EMISSIONS: The EPA reaches a tentative deal with environmental groups to review its hazardous air pollutant standards for manufacturing plants in Louisiana’s “Cancer Alley” corridor between New Orleans and Baton Rouge. (E&E News)

ELECTRIC VEHICLES:
• The number of electric vehicles registered in Arkansas jumped 43% in the first five months of 2022 compared to that time last year. (KUAR)
• A group opposed to electric vehicle maker Rivian’s plans to build a Georgia factory sue over a county board’s approval of incentives because public comment was not allowed during the meeting. (Atlanta Journal Constitution)
• Georgia motorists say escalating gasoline prices may push them to consider buying electric vehicles. (WALB)
• A nonprofit clean energy group uses research, advocacy, and outreach to promote renewable energy and electric vehicles across the Southeast. (CleanTechnica)
• A dealership in Fort Worth, Texas, becomes the first to be certified to sell Mack Trucks’ first fully electric garbage truck. (Transport Topics)

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SOLAR:
• A public official approves the construction and operation of a 150 MW solar farm in Mississippi. (WCBI)
• An Arkansas water authority begins operation of a 1.1 MW solar array to offset its power usage. (Arkansas Business)

UTILITIES:
• An energy expert explains that electricity rates in Texas are especially volatile because the state has nothing to incentivize electricity generators to produce extra supply when there is extra demand. (WFAA)
• Entergy warns its Louisiana customers the rising price of natural gas could combine with the cost of storm repairs to increase power rates by an average of $25 per household per month. (The Advocate)

OIL & GAS:  Natural gas prices continue to rise on expected summer demand, a drop in wind energy output in Texas, and work on the Tennessee Gas Pipeline that will slow flows to the Northeast. (Natural Gas Intelligence)

GRID: High June temperatures are expected to fuel energy demand and test the Texas grid’s resilience. (KUT)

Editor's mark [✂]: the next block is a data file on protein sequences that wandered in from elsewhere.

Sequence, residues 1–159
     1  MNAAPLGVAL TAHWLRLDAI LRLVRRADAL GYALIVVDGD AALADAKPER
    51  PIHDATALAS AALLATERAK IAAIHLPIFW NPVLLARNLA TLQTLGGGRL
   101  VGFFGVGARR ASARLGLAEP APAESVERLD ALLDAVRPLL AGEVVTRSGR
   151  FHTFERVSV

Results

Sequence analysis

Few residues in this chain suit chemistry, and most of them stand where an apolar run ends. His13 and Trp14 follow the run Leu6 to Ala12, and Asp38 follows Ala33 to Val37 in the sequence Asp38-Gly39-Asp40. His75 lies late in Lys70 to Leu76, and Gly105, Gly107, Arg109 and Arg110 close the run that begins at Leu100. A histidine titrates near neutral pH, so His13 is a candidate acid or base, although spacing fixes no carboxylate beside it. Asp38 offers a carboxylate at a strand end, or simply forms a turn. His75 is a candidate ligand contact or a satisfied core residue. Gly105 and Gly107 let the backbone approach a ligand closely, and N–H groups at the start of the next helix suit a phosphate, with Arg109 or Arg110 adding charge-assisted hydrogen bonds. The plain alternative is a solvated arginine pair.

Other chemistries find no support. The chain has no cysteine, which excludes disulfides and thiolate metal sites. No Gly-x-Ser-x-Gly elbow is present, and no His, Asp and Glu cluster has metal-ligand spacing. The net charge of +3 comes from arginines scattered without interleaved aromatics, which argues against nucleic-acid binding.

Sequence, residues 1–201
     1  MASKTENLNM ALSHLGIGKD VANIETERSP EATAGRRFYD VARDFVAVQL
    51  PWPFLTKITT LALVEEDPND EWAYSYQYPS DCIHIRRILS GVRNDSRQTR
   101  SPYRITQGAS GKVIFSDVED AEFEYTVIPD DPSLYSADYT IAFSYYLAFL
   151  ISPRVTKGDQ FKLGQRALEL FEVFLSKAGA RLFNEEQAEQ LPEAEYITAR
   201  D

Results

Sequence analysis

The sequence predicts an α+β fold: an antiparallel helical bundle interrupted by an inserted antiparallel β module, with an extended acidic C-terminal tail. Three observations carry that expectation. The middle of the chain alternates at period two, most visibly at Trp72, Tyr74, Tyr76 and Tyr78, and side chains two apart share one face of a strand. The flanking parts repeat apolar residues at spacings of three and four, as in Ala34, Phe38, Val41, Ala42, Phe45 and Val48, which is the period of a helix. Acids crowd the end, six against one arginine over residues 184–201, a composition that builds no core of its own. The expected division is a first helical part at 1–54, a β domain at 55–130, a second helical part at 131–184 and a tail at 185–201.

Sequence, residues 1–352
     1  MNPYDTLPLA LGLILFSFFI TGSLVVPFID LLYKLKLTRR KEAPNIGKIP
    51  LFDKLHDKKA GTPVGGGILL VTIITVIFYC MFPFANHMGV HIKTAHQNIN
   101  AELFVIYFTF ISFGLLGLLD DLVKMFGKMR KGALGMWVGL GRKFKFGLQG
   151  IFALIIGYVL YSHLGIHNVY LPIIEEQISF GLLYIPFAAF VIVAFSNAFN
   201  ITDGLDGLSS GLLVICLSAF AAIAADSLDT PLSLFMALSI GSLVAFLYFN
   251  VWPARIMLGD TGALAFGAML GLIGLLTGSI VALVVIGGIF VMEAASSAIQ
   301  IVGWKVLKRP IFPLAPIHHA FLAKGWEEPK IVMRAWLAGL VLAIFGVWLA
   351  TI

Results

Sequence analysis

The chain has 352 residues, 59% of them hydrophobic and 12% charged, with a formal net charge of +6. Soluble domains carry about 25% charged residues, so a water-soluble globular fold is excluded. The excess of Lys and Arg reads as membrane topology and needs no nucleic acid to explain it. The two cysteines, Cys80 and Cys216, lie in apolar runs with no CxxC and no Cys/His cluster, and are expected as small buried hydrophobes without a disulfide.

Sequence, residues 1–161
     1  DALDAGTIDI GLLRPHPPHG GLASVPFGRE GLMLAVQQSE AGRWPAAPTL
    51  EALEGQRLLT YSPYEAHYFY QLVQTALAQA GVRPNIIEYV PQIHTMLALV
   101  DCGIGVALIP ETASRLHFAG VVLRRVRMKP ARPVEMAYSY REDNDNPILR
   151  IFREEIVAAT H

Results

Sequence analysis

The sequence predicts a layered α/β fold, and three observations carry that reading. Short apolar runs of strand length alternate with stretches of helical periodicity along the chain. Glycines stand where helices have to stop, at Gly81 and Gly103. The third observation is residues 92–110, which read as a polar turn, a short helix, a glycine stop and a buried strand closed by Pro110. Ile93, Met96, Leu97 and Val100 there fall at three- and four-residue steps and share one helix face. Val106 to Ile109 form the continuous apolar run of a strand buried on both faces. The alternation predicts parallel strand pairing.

OVERSIGHT:
• President Joe Biden nominates a Kentucky county judge executive and a former mayor from Mississippi to the Tennessee Valley Authority’s board, while still awaiting Senate confirmation for three other nominees. (Chattanooga Times Free Press)
• A new inspector general for the Tennessee Valley Authority returns from retirement after previously working 31 years in the office. (Chattanooga Times Free Press)

COMMENTARY:
• Texas needs to get a better handle on natural gas leaks in low-income and minority neighborhoods, writes the head of a Dallas-area neighborhood advocacy group. (Dallas Morning News)
• An editorial board calls for continued development of Louisiana’s liquified natural gas facilities and domestic oil and gas production to pressure Russia to end the war in Ukraine. (The Advocate)
• A years-long debate over a proposed onshore wind farm in western Virginia pits environmentalists who want to preserve nature and sustainability advocates who want to save the planet, writes a retired policy analyst. (Roanoke Times)

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Mason Adams

Mason has worked as a journalist since 2001, covering Appalachian communities and the issues that affect them. He compiles the Southeast Energy News digest. Mason previously worked as a wildlife biologist before moving into journalism by freelancing at Coast Weekly in Monterey, California, before taking an internship in 2001 at High Country News. He wrote for the Enterprise Mountaineer in western North Carolina and the Roanoke Times in western Virginia before going freelance in 2012. His work has appeared in Southerly, Daily Yonder, Mother Jones, Huffington Post, WVPB’s Inside Appalachia and elsewhere. Mason was born and raised in Clifton Forge, Virginia, and now lives with his family and a small herd of goats in Floyd County, Virginia.